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A Pan-Orthodox ministry that displays Christian love, mercy and compassion to the individuals, families and facilities it serves.


A Pan-Orthodox ministry that displays Christian love, mercy and compassion to the individuals, families and facilities it serves.

The Meaning of "Pascha"

Gerald Largent

By Igumen Gregory (Valentine)

Recently I was asked this question: "Why do we use the word 'pascha' to describe this present  feast of the church? What does it mean and why is it so important to us Orthodox Christians?" Let me address the answer now so that all can hear and reflect upon the richness of this feast.

The  New Testament teaches us that the final three days, culminating in the  resurrection of Jesus, which Pascha celebrates, is the foundation of the Christian Faith. The resurrection established Jesus as the powerful Son of God and is cited as proof that God will judge the world in righteousness. But it was necessary that Christ should undergo the events of Great Friday and remain in the tomb on Holy Saturday in order for God to give Christians "a new birth into a living hope through the resurrection of Jesus Christ from the dead". Christians, through faith in the working of God are spiritually resurrected with Jesus so that they may walk in a new way of life. But like Christ we too must endure difficulties, illnesses and crosses in order to die with Christ that we might live with Christ.

Pascha, which is the Greek form of the Hebrew word Pesach or Passover, is linked to the Passover and Exodus from Egypt as recorded in the Old Testament and recounted in ritual read at the Seder Meal. In the New Testament the Mystical Supper, held on Thursday evening, and the Crucifixion of Christ that preceded the Resurrection are re-presented liturgically at the Divine Liturgy. Passover is for both the Jewish people and for the Christians, then a series of events stretching over a period of time, which find fulfillment in a remarkable conclusion. For the Jews it was the forty year wandering in the desert, finally arriving at the Promised Land of Canaan and ritually celebrated for 8 days. For Christians we begin our preparation during the 40 days of the Great Lent, which then flows into the mixture of joy and immense sorrow of the Holy and Great Week. The Paschal Feast itself reaches its high point in the Resurrection Services, and has an extended celebration for 50 days, culminating in the Ascension of Christ into heaven and His subsequent sending of the All Holy Spirit from His Father in the form of fiery tongues upon His Holy Apostles and the entire new creation, the Holy Orthodox Church. The final days of the Paschal season is celebrated on Pentecost, (Greek for 50) Sunday, also called Troitsa or Sunday of the Trinity.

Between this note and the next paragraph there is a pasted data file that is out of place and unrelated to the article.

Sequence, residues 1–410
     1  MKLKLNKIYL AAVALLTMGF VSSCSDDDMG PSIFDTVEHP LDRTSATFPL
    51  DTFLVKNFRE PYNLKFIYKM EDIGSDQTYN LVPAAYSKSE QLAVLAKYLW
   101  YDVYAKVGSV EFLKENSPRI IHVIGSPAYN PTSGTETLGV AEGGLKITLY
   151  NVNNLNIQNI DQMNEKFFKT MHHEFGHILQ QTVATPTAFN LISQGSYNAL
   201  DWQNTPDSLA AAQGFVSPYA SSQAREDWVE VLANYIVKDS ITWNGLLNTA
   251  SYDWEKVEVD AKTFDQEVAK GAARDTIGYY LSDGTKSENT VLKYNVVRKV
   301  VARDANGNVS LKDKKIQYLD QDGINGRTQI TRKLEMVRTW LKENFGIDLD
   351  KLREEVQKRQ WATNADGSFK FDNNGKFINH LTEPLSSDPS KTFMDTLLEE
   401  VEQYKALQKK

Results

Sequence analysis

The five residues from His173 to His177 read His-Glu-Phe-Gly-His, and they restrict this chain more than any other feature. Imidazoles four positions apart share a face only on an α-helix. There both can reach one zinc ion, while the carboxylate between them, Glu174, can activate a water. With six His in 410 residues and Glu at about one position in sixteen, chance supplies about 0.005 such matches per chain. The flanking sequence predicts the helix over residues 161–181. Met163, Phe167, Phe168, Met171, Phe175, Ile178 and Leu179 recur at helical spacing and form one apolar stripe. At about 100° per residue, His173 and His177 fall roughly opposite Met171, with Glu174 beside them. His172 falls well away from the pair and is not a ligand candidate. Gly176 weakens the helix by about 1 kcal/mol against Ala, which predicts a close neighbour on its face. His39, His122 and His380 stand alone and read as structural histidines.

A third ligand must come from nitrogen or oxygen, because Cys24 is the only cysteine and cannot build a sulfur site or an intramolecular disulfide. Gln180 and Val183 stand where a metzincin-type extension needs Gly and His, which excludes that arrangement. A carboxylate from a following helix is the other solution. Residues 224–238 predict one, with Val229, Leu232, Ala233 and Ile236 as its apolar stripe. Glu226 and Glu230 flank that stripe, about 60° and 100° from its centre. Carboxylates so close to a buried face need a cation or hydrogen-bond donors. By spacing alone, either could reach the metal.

Both Christians and Jews observe events which are celebrated in a ritualized meal that seeks to express in time that which is timeless, doing so in order to recall the care of God for His People. According to the New Testament, Jesus gave the pre-Passover meal a new meaning, as he prepared himself and his disciples for his death by a special meal in the upper room during the Mystical Supper. He gave the sanctified loaf of bread and cup of wine as His Body soon to be sacrificed and His Blood soon to be shed. St. Paul states, "Get rid of the old yeast that you may be a new batch without yeast--as you really are. For Christ, our Passover lamb, has been sacrificed"; this quote refers to the Passover requirement to have no yeast in the house and to the allegory of Jesus as the paschal lamb. One interpretation in the Gospel of John is that Jesus, as the Passover lamb, was crucified at roughly the same time as the Passover lambs were being slain in the temple, on the afternoon of the 14th of Nisan, roughly equivalent to early to mid April in our calendar. The scriptural instructions specify that the lamb is to be slain "between the two evenings", that is, at twilight. Christ was taken down from the cross some time after 3 PM on that Great Friday.